– Holiday Cacti (2002)

PhotoBy Leo A. Martin (December 2002)

Written by a “long-distance” member in Phoenix, this article was condensed from its original form. 

Schlumbergera (described by Lemaire in 1858) are sometimes called Thanksgiving or Christmas cactus, and rhipsalidopsis (described by Britton and Rose in 1923) are often called Easter cactus, because of when they bloom. Both require special attention here in Phoenix, but can be grown and flowered successfully. They are not so tolerant of forgetfulness as other cactus, so don’t expect great success if you’re absent-minded, like I am.

Schlumbergera now includes all species previously known as zygocactus and some previously known as epiphyllums. It contains around eight species and several varieties of each species. Rhipsalidopsis contains only three species and several varieties, some of which were previously included in epiphyllopsis, epiphyllum and hatiora.

Few people grow the species because the plants are easy to hybridize and grow commercially. The plants have red or purple flowers, but hybridizers have extended this range to whites, pinks, picotees, yellows and oranges.

Both schlumbergeras and rhipsalidopsis are South American jungle cacti, growing on tree branches well below the canopy and normally hanging downward in habitat. Both have stems segmented into flat pads. Aeroles are found on the edges of the segments at the bases of the small notches.

In cultivation, spines are almost microscopic or contained inside the body of the stems. Schlumbergeras often have small teeth on the edges of stem segments, but rhipsalidopsis lack these teeth. Their flowers are different, as well. Rhipsalidopsis flowers are radially symmetric, while schlumbergera flowers are zygomorphic, with a swan-neck shape to the tube and unequal petals.

Schlumbergeras are the easier to grow in Phoenix (and most other places). They come from wet forests of Brazil, where daytime temperatures are not as high as here, but cool night temperatures are common. In nature, their roots attach to tree bark and can be lightly covered with decaying leaf litter or bare and exposed. The roots are never dry for long because it rains a lot and humidity is high. The soft, succulent stems are flattened side to side to maximize surface area for photosynthesis.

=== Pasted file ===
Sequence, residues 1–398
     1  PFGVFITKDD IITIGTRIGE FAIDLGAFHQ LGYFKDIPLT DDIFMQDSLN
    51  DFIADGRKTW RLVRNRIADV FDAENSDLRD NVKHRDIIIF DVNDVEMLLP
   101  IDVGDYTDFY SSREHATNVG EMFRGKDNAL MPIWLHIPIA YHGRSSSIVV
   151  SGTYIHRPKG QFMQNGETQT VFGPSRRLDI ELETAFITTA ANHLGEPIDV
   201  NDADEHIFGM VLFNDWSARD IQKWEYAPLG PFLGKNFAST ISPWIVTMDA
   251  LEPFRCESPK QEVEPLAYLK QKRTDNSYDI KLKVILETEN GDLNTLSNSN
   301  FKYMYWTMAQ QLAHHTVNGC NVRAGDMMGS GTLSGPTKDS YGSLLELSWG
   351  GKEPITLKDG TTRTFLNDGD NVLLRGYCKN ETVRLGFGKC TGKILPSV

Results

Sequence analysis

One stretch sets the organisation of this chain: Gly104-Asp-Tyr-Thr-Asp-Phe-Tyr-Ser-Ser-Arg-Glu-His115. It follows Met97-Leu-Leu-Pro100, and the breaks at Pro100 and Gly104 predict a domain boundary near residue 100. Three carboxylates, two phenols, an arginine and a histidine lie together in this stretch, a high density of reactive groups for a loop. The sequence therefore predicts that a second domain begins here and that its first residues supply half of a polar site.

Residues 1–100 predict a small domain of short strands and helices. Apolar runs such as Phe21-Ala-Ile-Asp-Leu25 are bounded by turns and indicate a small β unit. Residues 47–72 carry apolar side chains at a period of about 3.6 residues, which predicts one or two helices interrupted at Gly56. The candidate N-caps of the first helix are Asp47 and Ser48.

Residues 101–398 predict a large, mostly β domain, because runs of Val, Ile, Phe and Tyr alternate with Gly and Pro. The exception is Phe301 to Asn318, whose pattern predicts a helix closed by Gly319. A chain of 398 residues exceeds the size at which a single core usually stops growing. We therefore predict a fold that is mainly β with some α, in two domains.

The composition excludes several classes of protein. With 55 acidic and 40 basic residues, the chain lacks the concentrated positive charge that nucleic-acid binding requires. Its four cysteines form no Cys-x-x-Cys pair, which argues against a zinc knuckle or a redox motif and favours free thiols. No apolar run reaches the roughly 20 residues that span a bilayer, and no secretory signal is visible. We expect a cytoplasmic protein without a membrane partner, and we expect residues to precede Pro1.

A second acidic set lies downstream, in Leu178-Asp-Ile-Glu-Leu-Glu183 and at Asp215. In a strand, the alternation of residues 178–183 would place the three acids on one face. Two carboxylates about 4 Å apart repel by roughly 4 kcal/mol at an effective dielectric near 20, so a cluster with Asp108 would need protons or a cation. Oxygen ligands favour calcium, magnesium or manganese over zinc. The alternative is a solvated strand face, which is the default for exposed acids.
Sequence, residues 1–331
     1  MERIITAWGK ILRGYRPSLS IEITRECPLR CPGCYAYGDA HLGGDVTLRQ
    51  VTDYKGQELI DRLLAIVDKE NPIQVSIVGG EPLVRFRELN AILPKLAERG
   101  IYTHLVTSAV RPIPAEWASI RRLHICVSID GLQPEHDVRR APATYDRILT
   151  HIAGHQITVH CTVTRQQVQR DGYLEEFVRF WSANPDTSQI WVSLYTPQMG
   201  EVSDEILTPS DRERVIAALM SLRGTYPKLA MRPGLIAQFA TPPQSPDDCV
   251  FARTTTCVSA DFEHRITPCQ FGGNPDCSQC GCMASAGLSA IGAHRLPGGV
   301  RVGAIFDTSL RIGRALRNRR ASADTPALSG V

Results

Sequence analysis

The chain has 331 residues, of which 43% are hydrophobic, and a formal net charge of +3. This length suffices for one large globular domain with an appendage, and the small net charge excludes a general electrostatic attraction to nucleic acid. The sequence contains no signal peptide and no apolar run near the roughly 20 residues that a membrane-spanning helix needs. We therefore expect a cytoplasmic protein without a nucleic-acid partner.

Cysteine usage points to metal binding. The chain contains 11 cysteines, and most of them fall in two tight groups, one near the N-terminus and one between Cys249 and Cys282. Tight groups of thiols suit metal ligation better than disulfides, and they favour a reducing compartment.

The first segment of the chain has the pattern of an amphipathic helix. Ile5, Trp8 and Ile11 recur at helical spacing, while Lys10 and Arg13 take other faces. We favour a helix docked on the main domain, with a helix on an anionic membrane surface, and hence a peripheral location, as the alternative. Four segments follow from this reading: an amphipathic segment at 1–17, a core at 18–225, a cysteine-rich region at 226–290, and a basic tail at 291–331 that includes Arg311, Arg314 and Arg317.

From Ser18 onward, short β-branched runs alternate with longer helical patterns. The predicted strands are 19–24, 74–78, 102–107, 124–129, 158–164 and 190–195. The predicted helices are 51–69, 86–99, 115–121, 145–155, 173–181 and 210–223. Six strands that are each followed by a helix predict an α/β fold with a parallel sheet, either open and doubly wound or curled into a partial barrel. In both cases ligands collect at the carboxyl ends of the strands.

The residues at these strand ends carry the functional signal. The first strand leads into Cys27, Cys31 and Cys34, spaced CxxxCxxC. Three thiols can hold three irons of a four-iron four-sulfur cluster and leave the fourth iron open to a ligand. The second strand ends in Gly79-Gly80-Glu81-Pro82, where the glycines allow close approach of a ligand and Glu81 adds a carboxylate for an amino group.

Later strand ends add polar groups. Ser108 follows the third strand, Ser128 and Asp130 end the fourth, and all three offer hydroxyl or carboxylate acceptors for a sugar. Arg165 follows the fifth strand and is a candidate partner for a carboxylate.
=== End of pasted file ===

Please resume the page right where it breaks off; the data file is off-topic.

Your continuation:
This all adds up to a plant needing steady moisture, shade and protection from drying out. Roots will rot if the soil is too heavy or so wet that air is excluded. Roots die if the medium dries out for more than just a few hours. Schlumbergera cannot tolerate sun at all. They appreciate plentiful feeding and water.

Commercial growers raise schlumbergeras in humid greenhouses. Cuttings of two or three segments are placed in the shade until they shrivel slightly. Several cuttings are placed in a 3- to 4-inch pot using almost pure peat moss. They are kept on the dry side until rooted, then watered regularly, with dilute fertilizer applied. Unfortunately, I haven’t found a good way to root cuttings. Most of mine rot.

The trick in growing these plants is keeping the roots healthy, with a moist environment and some air circulation. Soil must drain rapidly, retain some moisture and be easily rewetted. The peat used by growers is not a good idea for hobbyists — it dries too quickly. Heavy soils, however, exclude oxygen, which is death for epiphytic roots. I am still experimenting to find a soil mix I like.

Schlumbergeras grow vigorously all spring and summer, producing several new stem segments and new branches. They slow down as fall progresses. Bud formation is triggered by lengthening nights or night temperatures that routinely drop below 55 degrees.

Commercial growers manipulate night length by draping heavy fabric over the plants to produce blooming plants at any time of the year. Forgetting to place the fabric even once resets the plants’ clocks. Similarly, inside a house, a few minutes of artificial light at the wrong time will prevent buds from forming. Also, few people allow their home’s temperature to drop below 55 degrees, so their plants never bloom.

When buds form, they are fragile, and plants often drop them if moved while in bud. It is best to allow the buds to open, then place the plant for display. If put outside at night, blooming plants will hold their flowers longer – but avoid frost.

Most people buy schlumbergeras in bloom in November or December. After making so many flowers, the stems shrivel a little. At this point, the plants need a dryish rest with stretched-out watering periods. After four to six weeks of winter rest, the plants will suddenly sprout new growth.

For new plants, now is the time to repot. Rinse off the peat-based soil and replant in a slightly larger pot using a mix with some organic matter but lots of air space. Some people use orchid bark mixed with pumice or perlite. Some use bagged potting soil, which never worked for me. Water immediately and put in a cool spot, and the plant should continue growing. Remember the light and temperature issues, and your plant is sure to bloom again.

Rhipsalidopsis are harder to grow than schlumbergeras. To start with, the plants are very fragile. Stem segments drop off with a slight bump. Although they do root more easily for me than schlumbergeras, the plants require higher humidity and die quickly without it. My best results came from growing rhipsalidopsis in the bathroom, where I had to look at them every day, or in the winter in my sunroom, which is quite humid.

To compensate for their greater requirements, they are not light-sensitive. If you can keep them alive until spring, you will be treated to a great show of flowers.